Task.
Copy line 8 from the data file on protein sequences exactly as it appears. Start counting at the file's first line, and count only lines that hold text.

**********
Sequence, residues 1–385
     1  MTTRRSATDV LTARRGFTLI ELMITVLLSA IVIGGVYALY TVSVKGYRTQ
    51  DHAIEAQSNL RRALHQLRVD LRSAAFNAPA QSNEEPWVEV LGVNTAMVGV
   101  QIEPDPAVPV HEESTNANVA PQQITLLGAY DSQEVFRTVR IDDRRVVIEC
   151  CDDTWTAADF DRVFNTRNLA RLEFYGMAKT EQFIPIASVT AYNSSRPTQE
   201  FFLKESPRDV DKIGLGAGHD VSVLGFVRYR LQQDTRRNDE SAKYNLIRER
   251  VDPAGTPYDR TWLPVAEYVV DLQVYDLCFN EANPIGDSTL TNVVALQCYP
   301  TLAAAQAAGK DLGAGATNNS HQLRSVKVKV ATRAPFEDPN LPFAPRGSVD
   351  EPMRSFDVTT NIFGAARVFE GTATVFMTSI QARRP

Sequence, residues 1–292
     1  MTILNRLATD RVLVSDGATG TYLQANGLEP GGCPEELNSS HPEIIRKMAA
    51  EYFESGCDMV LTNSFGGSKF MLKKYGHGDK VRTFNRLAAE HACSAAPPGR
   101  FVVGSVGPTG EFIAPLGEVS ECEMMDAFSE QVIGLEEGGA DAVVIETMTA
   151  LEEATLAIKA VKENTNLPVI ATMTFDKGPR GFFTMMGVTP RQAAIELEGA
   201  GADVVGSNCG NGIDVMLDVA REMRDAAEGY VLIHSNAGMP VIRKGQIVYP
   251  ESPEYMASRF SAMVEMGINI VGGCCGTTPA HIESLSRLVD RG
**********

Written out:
   301  TLAAAQAAGK DLGAGATNNS HQLRSVKVKV ATRAPFEDPN LPFAPRGSVD